When flipping this from female to male, I considered the word “crying”. Stereotypically, men don’t cry in American society, particularly not during a break-up. But then I thought “why not?” and figured that there are probably plenty of men who cried during break-ups; just cause I haven’t doesn’t make it a rule.

(But it’s this kind of thing that makes the “twist” worth doing.)

…at which point he could have bashed his head against a wall if they weren’t outside.

Originally this was “she could have bashed his head…”, which would have become “he could have bashed her head…”. Notice how the red flags go up when it’s male-on-female violence rather than female-on-male, even though both of them are just figures of speech—the same figure of speech. Rather than deal with the red flags, I just posted a more innocuous version.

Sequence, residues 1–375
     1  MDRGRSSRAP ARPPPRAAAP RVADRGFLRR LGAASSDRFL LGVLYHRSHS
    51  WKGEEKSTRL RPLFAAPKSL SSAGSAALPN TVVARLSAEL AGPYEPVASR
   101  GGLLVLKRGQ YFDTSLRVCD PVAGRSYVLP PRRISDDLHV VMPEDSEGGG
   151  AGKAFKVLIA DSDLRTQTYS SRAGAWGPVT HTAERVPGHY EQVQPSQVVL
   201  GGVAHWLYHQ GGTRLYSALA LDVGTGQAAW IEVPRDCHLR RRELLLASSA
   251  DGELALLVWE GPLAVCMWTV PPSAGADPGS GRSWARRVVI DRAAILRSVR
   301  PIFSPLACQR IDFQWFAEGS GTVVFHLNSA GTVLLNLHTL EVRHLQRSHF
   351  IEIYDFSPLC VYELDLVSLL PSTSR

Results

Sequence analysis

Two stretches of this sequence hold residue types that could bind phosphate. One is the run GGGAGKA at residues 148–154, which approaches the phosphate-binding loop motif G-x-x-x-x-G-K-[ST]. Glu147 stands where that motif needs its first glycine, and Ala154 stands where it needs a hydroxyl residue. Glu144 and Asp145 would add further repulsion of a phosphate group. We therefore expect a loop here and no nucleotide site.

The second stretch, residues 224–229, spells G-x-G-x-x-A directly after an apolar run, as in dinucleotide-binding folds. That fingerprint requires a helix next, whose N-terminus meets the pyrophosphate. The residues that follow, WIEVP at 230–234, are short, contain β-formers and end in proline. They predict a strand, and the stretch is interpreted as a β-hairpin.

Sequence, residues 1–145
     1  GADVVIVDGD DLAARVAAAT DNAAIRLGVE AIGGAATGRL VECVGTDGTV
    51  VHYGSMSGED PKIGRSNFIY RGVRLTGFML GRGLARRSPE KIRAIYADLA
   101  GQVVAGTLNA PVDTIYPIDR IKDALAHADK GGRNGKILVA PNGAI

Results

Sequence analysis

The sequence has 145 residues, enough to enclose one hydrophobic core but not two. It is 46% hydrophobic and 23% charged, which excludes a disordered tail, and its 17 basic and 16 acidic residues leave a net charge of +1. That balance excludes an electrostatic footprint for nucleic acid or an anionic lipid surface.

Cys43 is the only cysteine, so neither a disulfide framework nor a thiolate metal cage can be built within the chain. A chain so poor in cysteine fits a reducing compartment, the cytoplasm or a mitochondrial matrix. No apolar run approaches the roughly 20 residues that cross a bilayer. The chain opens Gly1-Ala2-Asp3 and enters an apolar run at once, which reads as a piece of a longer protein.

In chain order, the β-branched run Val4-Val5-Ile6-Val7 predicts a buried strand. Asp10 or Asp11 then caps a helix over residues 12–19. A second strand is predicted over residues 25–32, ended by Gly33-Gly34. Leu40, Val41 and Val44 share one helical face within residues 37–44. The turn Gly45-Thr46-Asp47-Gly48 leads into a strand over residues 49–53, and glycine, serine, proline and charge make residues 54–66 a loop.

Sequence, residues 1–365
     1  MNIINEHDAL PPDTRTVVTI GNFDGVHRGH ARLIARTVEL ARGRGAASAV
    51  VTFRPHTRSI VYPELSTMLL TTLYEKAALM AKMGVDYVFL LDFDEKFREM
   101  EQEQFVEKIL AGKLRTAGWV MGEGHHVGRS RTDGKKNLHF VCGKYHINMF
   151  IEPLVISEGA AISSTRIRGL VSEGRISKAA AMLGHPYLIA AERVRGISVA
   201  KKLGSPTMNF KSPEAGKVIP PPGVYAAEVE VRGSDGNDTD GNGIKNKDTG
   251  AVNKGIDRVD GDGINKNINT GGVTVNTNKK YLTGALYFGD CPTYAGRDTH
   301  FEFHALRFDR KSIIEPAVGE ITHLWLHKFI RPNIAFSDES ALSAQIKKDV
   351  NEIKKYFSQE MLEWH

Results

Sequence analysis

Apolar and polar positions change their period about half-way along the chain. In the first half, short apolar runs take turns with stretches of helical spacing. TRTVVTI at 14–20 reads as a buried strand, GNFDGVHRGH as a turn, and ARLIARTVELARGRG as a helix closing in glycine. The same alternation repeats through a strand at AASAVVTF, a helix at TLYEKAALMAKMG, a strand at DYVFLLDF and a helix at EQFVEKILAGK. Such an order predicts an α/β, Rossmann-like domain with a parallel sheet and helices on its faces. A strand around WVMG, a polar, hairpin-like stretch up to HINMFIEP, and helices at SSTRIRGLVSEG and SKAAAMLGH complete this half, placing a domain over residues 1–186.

He had tried to tell himself this was just another part of the story, the three-episode arc in which the hero’s girlfriend misses him everyday, regretting her decision more and more until she shows up late at night with a bouquet of flowers.

The first note here is “hero’s”, which is actually what I wrote even when the protagonist was female. I try to avoid using female forms like “heroine”; I’d rather the plain form become gender-neutral. When the protagonist switched to male, of course, this became a non-issue.

But originally the [boy]friend showed up with a guitar and a bouquet of flowers. Why is it weird to have a girlfriend come serenading a guy? I don’t know…maybe because it’s still not considered normal for girls to chase guys. (If a girl wants a guy, she’s supposed to make him want to chase her.) I left it out for a plainer sentence, but kept the idea of showing up late at night, even though I think on a TV show the girl would call the boy rather than come in person.